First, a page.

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on 12 March 2017
Definitely one of the best rock bands ever! The conclusion is that it's definitely a tough existence being a member of such an outstanding outfit....
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on 3 December 2017
Really good read
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on 31 October 2014
Very informative and revealing book especially if you're a long time fan of led zeppelin,really enjoyed it
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on 30 August 2017
Brilliant book of rock n roll excess, in-fighting, black magic and resentment.
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on 4 May 2012
I was a bit reluctant to come to this book as having read classic rock magazine for years i have always found Mr Wall to be biased for Jimmy Page and blame Robert Plant for not giving Page what he wants and getting the band back together.
The book though gives a fair and impartial view of the band,yes he does hold Page in very high regard as he should be and credit must be given as he does not shy away from showing both sides of Page both good and bad.
At first the "inside thoughts" of each member of the band take some time to get used to but i found it a refreshing way to give background to all of the main players in the Zep story while getting straight into the history of the band.
The story of the band is given proper time and attention and it is full of great insights into how each album came into being...
I very much enjoyed the story of the band and how Mr Wall presented the book.
I am still in camp Plant though.
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on 27 September 2015
Great read for any proper fans, well worth it, won't be disapointed, Mick Wall is a great writer, great stuff
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on 21 November 2016
amazing book
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on 24 May 2017
Given as a present, but he is enjoying it
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on 20 October 2014
great book
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on 12 February 2016
As a Zeppelin fan of over 30 years' standing I have mixed feelings about this book. There is very interesting stuff in here dealing with "before and after" the band's career. I learned interesting things about the individual members' family backgrounds and upbringings, and about Jimmy's astonishingly successful career as a session musician through the 1960s. I also found out more about the ongoing relationships, dialogues and tensions between the surviving members (and specifically between Jimmy and Robert) over the long years since John Bonham's death and the band's demise in 1979. There is plenty here, too, about legendary manager Peter Grant - some of it disturbing, some of it sad, some of it very funny. Grant's personal downfall during the 80s was, of course, spectacular, but given what we know about the brutality and cynicism of his career I am still not quite sure why Wall concludes (in the acknowledgements to the book) that he "deserved better".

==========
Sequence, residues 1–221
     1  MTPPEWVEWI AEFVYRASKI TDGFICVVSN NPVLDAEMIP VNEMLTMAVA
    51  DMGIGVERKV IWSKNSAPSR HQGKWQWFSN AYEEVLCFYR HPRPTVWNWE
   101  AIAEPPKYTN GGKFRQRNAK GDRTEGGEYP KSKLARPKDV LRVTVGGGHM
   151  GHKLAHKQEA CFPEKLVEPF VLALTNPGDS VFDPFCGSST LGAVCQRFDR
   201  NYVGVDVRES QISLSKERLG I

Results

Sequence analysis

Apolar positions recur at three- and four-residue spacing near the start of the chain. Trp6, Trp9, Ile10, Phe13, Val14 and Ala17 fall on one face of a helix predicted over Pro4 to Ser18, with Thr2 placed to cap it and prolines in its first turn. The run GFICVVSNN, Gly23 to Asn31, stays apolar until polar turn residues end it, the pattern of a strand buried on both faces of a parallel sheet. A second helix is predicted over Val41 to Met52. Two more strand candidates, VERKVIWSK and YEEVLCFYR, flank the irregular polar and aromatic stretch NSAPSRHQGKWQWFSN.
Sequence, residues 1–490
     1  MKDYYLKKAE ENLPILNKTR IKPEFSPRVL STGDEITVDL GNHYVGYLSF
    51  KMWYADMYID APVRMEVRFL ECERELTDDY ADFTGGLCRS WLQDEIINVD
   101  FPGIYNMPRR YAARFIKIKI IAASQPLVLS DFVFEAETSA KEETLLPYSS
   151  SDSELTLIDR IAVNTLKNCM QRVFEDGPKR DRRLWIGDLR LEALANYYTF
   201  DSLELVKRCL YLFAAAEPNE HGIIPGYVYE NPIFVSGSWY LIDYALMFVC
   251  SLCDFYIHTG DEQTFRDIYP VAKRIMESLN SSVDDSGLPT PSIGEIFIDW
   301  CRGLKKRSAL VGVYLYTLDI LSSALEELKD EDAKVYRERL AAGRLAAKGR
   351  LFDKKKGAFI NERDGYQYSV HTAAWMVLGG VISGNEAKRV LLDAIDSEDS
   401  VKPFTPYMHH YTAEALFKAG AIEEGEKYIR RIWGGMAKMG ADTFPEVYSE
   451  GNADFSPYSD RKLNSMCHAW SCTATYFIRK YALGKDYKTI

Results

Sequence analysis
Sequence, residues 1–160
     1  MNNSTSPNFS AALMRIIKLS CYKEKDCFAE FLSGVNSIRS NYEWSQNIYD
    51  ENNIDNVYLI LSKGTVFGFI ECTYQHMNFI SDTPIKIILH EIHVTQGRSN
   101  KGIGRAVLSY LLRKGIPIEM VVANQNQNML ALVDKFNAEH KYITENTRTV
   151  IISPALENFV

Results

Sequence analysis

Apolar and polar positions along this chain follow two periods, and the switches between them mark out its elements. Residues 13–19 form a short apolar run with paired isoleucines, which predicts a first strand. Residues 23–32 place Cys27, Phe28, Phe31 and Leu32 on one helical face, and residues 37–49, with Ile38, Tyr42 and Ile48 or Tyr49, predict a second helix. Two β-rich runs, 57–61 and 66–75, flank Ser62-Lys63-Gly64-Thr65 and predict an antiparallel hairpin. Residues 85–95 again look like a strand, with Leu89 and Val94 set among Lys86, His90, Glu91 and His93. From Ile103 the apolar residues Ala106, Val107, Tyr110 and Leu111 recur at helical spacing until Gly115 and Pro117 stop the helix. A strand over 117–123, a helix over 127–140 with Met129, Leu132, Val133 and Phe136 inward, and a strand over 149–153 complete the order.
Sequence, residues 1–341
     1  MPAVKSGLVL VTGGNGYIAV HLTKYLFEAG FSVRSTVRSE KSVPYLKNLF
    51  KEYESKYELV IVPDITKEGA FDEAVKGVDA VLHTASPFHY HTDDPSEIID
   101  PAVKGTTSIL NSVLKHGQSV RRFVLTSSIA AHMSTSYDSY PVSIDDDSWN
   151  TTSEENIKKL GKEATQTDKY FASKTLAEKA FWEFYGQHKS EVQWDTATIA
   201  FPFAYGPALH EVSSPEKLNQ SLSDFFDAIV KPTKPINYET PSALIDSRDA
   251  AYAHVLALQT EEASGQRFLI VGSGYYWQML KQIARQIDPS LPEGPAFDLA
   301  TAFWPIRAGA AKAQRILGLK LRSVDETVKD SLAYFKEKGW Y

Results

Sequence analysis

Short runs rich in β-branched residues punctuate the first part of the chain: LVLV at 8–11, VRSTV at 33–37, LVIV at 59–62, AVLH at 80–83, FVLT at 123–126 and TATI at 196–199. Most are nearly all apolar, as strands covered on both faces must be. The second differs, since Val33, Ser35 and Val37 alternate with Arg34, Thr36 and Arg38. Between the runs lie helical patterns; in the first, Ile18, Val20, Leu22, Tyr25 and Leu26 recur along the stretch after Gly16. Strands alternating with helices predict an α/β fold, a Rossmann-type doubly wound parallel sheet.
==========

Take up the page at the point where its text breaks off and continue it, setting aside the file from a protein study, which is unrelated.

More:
As an analysis of what really made Led Zeppelin tick, however, I came away disappointed, and feeling somehow that this very large book delivered less than it promised. I was shocked at how many specific anecdotes of rock'n'roll carnage and "bad behaviour" I had come across before - I read Stephen Davies Hammer Of The Gods back in 1984, and my impression is that many of the hoary old stories are repeated almost verbatim from that book. Déjà vu, over and over as the pages turned! Wall's written style seems to me elaborate and self-indulgent, with a love of long compound sentences rather than plain speech. I know you can't please everyone (!) but the italicised imagined "recollections" of the four band members that punctuate the book don't convince me at all, with swear words and "common speech" laid on with a trowel. The long chapter on Jimmy Page's interest in the occult obstructs the flow of the book while remaining (inevitably) pretty speculative.

This book would have been improved massively had it been subjected to a damned good, clear-eyed edit. An effective editor could have sorted out the many stylistic problems, shortened it somewhat, and also identified the many passages where Wall seems to slide (unconsciously I am sure) into something that verges upon plagiarism of Stephen Davis's earlier book. He or she would also have saved us from one absolute howler, the consistent mis-spelling of the title of Zeppelin's last album!
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